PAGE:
But that wasn't good enough.
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Blanton wasn't terrible by any means - he allowed only five hits and struck out seven through six innings - but with the Phillies' offense held in check by CC Sabathia, Blanton needed to keep the Yankees from breaking out.
That went out the window right away, with Derek Jeter's infield single and Johnny Damon's double starting the game and quieting the Citizens Bank Park crowd. Blanton did well to escape that inning with only those two Yankees scoring, both on outs - Mark Teixeira grounded to first to score Jeter and Jorge Posada hit a sacrifice fly to left to score Damon - and he got bonus points for being the third Phillies pitcher in two games to hit Alex Rodriguez with a pitch.
But it still was not the start the Phillies needed.
The Phillies clawed back for two runs to tie it, and if Blanton could have kept it even through six innings, that would have been more than Manuel could have asked for. The Phillies righthander retired 11 straight to get to the fifth, including five strikeouts, four of them looking. Blanton did benefit from a very low strike zone from plate umpire Mike Everitt.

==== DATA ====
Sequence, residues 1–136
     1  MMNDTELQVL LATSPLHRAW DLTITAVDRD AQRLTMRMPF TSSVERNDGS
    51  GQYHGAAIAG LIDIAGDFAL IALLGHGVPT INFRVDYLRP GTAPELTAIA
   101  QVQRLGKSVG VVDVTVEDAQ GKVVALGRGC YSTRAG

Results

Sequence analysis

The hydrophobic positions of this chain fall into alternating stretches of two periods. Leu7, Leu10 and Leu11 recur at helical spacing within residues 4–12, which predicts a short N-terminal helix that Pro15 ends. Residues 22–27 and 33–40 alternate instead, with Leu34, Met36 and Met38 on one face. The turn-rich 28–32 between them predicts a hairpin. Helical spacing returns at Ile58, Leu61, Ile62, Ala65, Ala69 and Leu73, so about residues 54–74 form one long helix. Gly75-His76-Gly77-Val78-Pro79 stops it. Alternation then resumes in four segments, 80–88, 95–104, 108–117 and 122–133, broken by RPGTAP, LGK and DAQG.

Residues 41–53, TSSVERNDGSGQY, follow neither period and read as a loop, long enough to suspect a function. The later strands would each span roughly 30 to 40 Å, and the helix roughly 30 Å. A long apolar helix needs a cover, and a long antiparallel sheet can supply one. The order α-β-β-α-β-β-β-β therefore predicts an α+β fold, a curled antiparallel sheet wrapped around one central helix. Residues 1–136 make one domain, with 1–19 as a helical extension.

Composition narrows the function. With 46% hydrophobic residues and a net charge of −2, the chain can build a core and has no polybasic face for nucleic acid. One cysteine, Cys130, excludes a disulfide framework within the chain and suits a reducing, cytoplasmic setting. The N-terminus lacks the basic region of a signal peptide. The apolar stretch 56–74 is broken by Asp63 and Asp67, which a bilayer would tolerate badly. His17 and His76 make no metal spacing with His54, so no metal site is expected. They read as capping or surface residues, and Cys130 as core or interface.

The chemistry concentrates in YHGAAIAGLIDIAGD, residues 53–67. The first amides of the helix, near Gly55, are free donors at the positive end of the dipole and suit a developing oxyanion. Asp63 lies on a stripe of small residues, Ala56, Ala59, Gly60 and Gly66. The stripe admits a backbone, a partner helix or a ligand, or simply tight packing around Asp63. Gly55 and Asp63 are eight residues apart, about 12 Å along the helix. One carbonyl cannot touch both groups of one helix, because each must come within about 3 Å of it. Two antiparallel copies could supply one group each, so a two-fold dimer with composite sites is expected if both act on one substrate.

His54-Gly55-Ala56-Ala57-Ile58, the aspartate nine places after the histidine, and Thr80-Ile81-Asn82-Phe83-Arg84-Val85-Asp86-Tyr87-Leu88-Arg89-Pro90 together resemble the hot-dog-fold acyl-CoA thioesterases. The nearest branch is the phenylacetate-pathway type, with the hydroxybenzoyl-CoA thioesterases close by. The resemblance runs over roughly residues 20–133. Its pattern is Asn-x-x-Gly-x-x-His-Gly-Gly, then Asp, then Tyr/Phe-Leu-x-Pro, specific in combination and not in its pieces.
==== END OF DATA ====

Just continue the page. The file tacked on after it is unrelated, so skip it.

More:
But a four-pitch walk to Nick Swisher leading off the fifth undid Blanton's good work. Melky Cabrera singled off Blanton's glove and then Jeter and Damon found holes for run-scoring singles to put the Phillies behind again.
Manuel and Lee didn't seem to be on the same page regarding the manager's decision to go with Blanton instead of Lee, who would have been pitching on short rest. Blanton pitched out of the bullpen in the Division Series and got a no-decision in Game 4 of the NLCS.
"It was a pretty quick conversation, him asking me if I had ever done it and me telling him no and saying that I think I could," Lee said. "I think I could do it, but he makes the calls."
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